30th November 2016, 4:06pm
Making art accessible to visually impaired people
Exhibition An innovative new project will explore the best ways to curate and design exhibitions to make them more accessible to blind and visually impaired people.

The University of Lincoln has been awarded more than £36,000 for the project as part of a £5 million research programme into independent living for disabled people.

The Lincoln project is one of the first to be awarded funding through the DRILL (Disability Research on Independent Living and Learning) initiative – a five year scheme led by disabled people and funded by the Big Lottery Fund.

Professor Anne Chick, from the University of Lincoln’s School of Architecture & Design, will lead the project, collaborating with The National Centre for Craft & Design (NCCD) in Sleaford, Lincolnshire, the RNIB Regional Centre (Midlands), Age UK Lincoln and volunteers who are blind or visually impaired, including older people.

Liz Sayce from Disability Rights UK, which is supporting DRILL projects in England said: “We’re delighted to be announcing the first DRILL grants, and supporting a project run by disabled people about disability issues.”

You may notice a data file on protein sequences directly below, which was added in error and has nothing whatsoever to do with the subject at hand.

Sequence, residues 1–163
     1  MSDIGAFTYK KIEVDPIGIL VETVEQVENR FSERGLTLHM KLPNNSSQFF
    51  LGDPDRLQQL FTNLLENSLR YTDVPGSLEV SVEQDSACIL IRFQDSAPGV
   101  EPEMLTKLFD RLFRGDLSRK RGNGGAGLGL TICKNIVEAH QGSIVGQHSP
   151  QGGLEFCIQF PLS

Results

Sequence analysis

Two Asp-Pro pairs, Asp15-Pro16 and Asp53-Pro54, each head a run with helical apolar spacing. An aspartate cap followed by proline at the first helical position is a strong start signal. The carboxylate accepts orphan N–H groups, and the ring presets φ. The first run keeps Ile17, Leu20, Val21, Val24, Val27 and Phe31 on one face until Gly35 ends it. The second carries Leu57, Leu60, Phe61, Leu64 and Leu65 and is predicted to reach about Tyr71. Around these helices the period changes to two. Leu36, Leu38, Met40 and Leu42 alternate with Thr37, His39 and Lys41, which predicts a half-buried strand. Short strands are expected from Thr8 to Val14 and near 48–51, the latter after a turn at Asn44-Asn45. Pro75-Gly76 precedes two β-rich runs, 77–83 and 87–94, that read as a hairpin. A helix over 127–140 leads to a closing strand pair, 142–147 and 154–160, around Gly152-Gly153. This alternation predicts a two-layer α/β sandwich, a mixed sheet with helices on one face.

Professor Chick added: “Sight loss affects people of all ages, but as we get older we are increasingly likely to experience it. Our work will demonstrate how anyone with sight loss can have intellectual access on equal terms when visiting their local galleries and museums.

“This funding means that we are able to go ahead with our plans to curate, design and test an inclusive and accessible exhibition at the National Centre for Craft & Design. We will also be sharing our findings and developing practical guidance so that other national and regional visual arts venues and museums can draw on our experiences when they are planning their own exhibitions in the future."

The team will co-research and co-produce a multi-sensory exhibition of 3D printing at the NCCD, which opens to the public on 28th January 2017 for three months.

Launched in 2015, the DRILL programme is fully funded by Big Lottery Fund and delivered by Disability Rights UK, Disability Action Northern Ireland, Inclusion Scotland and Disability Wales. DRILL is expecting to fund a total of up to 40 research pilots and projects over a 5-year period, all led by disabled people. Around £600,000 will be allocated in the next round of applications, which are currently being assessed. An announcement is due in February 2017. Further calls for potential projects will be made between 2017 and 2019. More information on DRILL is available at www.drilluk.org.uk.
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